Bankruptcy and Your Credit
Many people see bankruptcy as the worst possible thing that could affect their credit. They believe once they file, they will never be able to buy a home, finance a car or obtain a credit ever again. While bankruptcy does leave a temporary black mark on your credit file, it will not prevent you from ever obtaining credit again. First of all, think about your current financial position; if you are paying bills late or missing them altogether, your credit score is already suffering. As bills get sent to collections and judgments are issued against you, you will see your credit score rapidly decline, preventing you from obtaining new credit or low interest rates.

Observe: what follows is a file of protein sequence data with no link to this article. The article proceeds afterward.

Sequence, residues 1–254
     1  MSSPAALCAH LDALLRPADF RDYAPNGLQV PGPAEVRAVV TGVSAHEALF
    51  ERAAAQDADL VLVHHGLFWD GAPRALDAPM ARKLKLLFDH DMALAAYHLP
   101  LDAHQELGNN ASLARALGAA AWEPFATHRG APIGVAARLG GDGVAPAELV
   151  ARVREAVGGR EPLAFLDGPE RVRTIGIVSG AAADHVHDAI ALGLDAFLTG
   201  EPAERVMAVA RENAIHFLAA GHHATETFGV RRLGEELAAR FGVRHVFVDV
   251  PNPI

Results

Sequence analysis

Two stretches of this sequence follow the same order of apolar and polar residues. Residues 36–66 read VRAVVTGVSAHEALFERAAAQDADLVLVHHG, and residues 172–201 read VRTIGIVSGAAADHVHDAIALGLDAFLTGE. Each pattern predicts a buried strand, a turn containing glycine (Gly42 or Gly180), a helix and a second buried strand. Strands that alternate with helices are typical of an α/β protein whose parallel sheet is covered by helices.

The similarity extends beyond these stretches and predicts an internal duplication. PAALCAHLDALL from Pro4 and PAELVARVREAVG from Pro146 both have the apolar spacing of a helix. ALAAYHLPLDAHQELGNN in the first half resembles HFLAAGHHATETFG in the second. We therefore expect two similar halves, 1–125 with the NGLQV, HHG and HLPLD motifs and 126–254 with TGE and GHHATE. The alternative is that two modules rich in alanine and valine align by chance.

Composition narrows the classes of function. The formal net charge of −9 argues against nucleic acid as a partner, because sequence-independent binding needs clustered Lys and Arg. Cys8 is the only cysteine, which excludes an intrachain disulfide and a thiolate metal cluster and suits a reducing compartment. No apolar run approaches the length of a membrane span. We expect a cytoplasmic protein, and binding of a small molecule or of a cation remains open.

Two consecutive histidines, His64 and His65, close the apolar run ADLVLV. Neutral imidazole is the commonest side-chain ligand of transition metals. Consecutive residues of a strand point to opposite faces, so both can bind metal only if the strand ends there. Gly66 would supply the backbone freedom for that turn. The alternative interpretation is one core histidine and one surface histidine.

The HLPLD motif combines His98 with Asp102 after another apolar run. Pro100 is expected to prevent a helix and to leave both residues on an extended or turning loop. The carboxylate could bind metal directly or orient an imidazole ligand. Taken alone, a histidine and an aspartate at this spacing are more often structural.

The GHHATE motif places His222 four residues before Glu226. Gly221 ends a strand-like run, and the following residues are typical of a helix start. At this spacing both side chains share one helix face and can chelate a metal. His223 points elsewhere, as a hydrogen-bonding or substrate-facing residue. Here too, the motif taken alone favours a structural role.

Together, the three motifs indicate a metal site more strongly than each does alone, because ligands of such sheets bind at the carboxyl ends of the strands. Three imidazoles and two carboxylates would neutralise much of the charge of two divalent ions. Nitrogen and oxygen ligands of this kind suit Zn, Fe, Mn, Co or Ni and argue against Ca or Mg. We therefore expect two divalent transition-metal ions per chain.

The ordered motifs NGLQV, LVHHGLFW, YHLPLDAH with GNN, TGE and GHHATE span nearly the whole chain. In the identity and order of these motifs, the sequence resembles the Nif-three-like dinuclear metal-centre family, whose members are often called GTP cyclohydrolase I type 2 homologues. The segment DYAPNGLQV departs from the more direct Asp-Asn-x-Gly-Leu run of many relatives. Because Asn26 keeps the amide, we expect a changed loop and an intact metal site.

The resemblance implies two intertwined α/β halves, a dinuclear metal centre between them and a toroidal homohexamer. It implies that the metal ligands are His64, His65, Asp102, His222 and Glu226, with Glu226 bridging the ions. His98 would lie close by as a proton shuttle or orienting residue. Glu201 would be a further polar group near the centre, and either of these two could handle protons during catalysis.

With this in mind, bankruptcy does not have a much different effect with regard to your credit file. While most pieces of negative credit typically remain in your credit file for about 7 years, bankruptcy can last a little longer at roughly 10 years. However, shortly after bankruptcy you will see your credit score go up. In fact, some people report being approved for new credit and loans soon after their discharge. 10 years seems like a daunting length, think about how long it would take you to catch up on all your past due bills in order to get back on track. Would it take 5 years? 10 years? Would it ever be possible? This can really give you some perspective on the situation. Bankruptcy can actually help you to get a fresh start and allow you to begin building your credit again.